It’s looking to be a good Halloween for developers. Windows 7 share continues to climb, and as early as next month, IE9 on Windows 7 could be the leading modern browser behind IE8. For developers this means that most Windows 7 users have a modern browser capable of running exciting, interoperable, HTML5 experiences - allowing developers to use the same markup across their websites.
Source: Net Applications
It also means more and more top websites are recognizing the value of IE9 and are adding additional functionality to their sites to provide their visitors with even more access to new content. The Wall Street Journal recently implemented various pinning scenarios across their primary sections for their readers. If you pin the “Tech” or “Life & Culture” page or to your Windows 7 taskbar, you’ll be able to access the latest stories in that section in just one click! Developers interested in implementing this functionality can visit BuildMyPinnedSite.com to learn more.
We’ll check back next week after we’ve recovered from our trick-or-treating to see what the final numbers are. Until then, if you haven’t already made the move to Internet Explorer 9 on Windows 7, try it by visiting www.beautyoftheweb.com.
Roger Capriotti Director, Internet Explorer Marketing
@Tommyinoz, turn on the activeX filtering and IE will never let it track your location.
IE9 = Too much rebooting.
People should check out how 'trackable' their web browser is, you can test it from the following web site...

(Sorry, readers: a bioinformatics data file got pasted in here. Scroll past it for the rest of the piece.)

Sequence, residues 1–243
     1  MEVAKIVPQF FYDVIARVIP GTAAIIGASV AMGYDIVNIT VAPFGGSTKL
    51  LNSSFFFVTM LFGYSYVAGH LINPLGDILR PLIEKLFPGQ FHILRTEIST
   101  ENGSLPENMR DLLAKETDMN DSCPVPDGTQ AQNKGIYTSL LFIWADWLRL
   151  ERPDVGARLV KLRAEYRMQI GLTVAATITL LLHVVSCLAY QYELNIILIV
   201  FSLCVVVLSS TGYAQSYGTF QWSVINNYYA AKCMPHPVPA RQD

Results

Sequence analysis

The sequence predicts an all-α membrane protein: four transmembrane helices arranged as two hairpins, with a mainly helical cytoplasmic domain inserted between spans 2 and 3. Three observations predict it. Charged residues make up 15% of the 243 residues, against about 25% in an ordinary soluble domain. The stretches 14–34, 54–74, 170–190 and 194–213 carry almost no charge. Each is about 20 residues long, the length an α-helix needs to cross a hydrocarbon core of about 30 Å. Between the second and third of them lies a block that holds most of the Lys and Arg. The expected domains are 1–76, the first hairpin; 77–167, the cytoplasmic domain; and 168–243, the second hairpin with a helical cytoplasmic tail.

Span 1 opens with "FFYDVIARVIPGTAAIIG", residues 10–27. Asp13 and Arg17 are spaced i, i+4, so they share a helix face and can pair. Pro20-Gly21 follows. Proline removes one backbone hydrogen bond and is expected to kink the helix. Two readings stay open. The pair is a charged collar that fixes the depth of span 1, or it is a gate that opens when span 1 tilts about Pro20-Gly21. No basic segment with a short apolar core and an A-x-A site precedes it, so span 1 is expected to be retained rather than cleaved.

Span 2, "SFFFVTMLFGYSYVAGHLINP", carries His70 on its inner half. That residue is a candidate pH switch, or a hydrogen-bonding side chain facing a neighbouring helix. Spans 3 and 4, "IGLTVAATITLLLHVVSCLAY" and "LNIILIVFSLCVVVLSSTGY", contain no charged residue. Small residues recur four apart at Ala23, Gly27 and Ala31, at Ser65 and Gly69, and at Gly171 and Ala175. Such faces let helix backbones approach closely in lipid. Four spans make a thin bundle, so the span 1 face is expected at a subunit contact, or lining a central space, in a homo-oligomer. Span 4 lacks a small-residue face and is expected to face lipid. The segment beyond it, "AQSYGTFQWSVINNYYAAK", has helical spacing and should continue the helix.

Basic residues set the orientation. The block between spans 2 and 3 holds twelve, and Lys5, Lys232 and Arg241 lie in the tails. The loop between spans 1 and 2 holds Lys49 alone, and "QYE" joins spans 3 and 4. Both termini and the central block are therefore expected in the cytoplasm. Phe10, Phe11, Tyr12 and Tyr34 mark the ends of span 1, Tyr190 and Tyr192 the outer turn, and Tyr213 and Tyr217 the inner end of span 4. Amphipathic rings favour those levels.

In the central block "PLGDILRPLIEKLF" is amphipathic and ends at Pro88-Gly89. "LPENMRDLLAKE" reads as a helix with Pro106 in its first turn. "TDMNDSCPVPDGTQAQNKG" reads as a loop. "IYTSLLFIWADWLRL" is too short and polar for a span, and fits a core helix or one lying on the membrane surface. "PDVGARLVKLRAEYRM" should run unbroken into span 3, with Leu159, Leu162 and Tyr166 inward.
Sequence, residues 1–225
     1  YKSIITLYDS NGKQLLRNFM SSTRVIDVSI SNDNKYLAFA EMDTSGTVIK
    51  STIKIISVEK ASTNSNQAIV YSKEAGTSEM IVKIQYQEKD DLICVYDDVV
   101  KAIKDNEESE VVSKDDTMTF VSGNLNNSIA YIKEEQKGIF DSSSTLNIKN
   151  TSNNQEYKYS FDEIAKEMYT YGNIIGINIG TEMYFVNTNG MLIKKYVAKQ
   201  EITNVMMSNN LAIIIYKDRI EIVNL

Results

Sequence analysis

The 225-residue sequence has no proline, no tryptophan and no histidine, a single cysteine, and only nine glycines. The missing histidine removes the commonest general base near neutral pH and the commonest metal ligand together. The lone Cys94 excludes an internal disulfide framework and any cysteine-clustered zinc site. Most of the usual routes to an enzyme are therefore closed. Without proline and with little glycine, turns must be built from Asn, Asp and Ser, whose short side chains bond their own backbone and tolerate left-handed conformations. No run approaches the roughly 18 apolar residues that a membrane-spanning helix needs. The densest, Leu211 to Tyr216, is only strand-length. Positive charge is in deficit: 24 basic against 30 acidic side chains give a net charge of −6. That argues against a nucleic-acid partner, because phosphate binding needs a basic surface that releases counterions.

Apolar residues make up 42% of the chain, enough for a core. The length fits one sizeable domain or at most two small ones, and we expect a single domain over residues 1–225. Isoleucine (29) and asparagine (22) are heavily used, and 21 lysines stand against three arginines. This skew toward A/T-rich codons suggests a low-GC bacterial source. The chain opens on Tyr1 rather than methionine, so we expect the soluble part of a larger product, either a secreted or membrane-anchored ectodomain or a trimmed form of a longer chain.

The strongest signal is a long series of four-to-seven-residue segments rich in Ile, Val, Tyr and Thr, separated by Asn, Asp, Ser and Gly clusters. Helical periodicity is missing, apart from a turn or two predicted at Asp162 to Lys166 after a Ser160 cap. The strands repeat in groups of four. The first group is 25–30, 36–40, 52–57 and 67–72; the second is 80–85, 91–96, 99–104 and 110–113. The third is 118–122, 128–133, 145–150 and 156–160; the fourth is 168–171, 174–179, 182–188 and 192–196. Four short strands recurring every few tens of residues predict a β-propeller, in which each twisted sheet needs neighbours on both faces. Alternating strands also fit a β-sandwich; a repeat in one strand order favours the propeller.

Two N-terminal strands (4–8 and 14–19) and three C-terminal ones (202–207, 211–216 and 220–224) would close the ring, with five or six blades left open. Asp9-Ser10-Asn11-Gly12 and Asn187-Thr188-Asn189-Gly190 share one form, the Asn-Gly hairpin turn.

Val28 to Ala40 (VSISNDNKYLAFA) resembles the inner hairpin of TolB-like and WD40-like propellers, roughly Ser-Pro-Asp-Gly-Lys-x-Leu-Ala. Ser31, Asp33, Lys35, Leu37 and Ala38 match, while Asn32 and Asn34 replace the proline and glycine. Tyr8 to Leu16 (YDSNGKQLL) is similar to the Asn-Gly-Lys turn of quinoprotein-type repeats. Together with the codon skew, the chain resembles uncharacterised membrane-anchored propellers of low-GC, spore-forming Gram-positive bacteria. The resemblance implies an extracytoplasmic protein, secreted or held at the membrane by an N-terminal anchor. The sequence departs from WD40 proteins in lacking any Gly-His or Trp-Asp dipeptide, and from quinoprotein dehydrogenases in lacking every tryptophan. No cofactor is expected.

People maybe surprised to know that they can be tracked even with InPrivate browsing turned on.
I love IE9. Had it since the RC.
Im not sure about the US graph but the worldwide estimate seems a bit hopeful. It is clearly a logistical function and therefore you could estimate it to be f(x)=21.0274-(12653.9)/(2.55261^x+638.914). That gives me an estimate of a market share of 20.86%. Not 22.5%.
I'm using IE9 right now on this newer Windows 7 PC, and I love it. The only thing I would change is the notification bar. I would completely disable it if I could.
On my other Windows 7 notebook, I use Chrome primarily. We use it for streaming videos, and it works better on that machine with lesser specs than this PC. I should note that the notebook I'm speaking of has some age on it, crappy integrated graphics, and was previously a Vista machine.
Glad to see IE9 on the rise.